At first glance, gender didn’t seem to matter. Comparable proportions of women and men reported that they had been the dominant or subordinate partner in a relationship. We also found that if people felt like their partners had more power, they tended to think of their relationships as significantly less stable and intimate. On the other hand, if people thought they were in egalitarian relationships — or if they thought they were the ones calling the shots — they viewed their relationship as more stable and intimate.

This makes a lot of sense intuitively. Relationships seem best when both people seem to be on the same page about where it is, how it is, and where it’s going. Waiting on someone else to call the shots, text you back (or first) or initiate anything like a commitment can be among the more maddening experiences on earth. But is there a better security than knowing that you’re the person calling those shots?

Trouble is, this doesn’t go both ways. Cheng noticed when she looked closer at the data that, surprisingly, whether men had more or less power didn’t seem to affect their sense of security to the degree that it did for women. In other words, we may mock men for letting women have the upper hand, but men don’t seem to mind, reporting that their relationships felt as close and stable whether they had the upper hand or not. Women, on the other hand, felt less intimacy and more tumult when they didn’t have control.

The reason, it turns out, is that the women in the study who had less power were more likely to report being in coercive or abusive relationships. (Three who said they had more power also reported coercion and abuse.) Two men in the study said their girlfriends were controlling, but not in a way that involve sexual, emotional or physical abuse. “One wrote that a high school girlfriend didn’t let him see friends and made him feel ‘self-loathing,’ but summed up the relationship as ‘three miserable years filled with great sex.’ ”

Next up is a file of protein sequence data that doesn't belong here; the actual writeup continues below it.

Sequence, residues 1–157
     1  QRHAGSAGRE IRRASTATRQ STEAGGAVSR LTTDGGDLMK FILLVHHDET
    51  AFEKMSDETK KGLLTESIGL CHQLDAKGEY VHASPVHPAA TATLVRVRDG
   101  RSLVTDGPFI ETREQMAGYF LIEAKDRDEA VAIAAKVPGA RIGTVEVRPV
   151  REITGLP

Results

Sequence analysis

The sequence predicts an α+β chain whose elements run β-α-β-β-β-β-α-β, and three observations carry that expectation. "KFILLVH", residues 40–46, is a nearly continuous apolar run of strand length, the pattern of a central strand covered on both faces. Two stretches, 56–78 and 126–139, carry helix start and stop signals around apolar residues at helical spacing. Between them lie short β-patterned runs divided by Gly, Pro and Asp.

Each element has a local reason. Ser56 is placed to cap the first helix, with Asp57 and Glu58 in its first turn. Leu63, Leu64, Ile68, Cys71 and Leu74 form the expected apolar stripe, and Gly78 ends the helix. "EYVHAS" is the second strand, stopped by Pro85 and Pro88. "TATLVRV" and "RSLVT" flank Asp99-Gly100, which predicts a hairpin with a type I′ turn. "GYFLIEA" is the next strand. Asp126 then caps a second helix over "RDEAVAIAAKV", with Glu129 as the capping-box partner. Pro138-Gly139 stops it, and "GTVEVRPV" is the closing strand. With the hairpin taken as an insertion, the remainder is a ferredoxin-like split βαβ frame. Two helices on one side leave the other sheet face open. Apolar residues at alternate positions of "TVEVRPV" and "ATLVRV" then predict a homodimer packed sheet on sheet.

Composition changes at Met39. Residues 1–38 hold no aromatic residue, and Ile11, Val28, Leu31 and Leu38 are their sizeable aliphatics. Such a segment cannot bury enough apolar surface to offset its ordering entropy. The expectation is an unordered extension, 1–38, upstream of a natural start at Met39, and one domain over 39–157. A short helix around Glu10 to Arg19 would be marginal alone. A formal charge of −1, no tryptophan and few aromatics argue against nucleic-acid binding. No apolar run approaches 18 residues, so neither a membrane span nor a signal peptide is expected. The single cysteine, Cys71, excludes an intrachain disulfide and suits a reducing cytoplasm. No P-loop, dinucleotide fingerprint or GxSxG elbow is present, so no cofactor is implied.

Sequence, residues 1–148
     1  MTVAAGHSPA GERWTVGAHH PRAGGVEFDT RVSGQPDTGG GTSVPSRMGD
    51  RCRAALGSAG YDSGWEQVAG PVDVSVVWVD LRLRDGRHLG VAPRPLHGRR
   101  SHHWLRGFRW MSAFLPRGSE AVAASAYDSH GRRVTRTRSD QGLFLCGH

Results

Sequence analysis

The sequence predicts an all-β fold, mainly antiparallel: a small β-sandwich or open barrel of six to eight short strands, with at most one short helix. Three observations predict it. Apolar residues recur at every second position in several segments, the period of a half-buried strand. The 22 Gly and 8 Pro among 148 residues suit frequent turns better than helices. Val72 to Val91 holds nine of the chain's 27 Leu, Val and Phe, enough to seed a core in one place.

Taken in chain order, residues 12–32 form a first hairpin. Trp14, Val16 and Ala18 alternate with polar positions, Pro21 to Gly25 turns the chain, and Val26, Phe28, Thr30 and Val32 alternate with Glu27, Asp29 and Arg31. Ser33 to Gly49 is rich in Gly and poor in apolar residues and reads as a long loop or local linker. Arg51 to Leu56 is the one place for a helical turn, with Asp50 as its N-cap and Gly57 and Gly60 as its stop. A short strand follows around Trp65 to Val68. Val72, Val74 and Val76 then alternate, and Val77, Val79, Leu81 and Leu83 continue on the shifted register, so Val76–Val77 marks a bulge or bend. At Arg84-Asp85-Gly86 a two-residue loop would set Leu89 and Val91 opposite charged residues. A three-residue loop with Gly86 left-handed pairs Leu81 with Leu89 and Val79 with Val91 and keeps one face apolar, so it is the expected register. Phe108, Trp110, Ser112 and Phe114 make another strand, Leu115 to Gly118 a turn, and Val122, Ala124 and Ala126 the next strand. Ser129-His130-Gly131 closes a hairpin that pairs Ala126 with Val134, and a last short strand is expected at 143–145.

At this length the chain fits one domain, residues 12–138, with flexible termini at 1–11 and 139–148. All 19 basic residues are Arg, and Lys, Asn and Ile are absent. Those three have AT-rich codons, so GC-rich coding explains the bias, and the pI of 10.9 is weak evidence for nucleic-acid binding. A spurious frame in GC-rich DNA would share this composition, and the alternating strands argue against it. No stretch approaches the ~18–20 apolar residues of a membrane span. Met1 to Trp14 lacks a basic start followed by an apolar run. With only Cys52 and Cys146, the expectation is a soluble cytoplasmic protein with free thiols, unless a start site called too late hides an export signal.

Cheng has a few theories as to why it shakes out this way: Men still have lots of privilege in the world, if not in all domestic relationships, so it’s possible it doesn’t affect their sense of control over their lives to the same degree it would for a woman to hand the reins over to a man. Men are much less likely to be victims of abusive relationships, too. It’s three in 10 women compared with only one in 10 men. (Worth noting: Men are also far less likely to report abuse or to believe that their relationship is abusive, even when it’s the case.)

On a less bleak note: This is a very small study, and perception may not always match up with reality in terms of who feels they have more or less power. Plus, power dynamics are always shifting in relationships, and if nothing else, people should think more carefully about what the real cost may be of always having the upper hand, and try to shift accordingly. After all, one day you think you’re on top, calling every facet of a relationship like you’re Steven Spielberg. Next thing you know your partner has dumped you to hang out with someone who lets them, at long last, pick where to eat for dinner.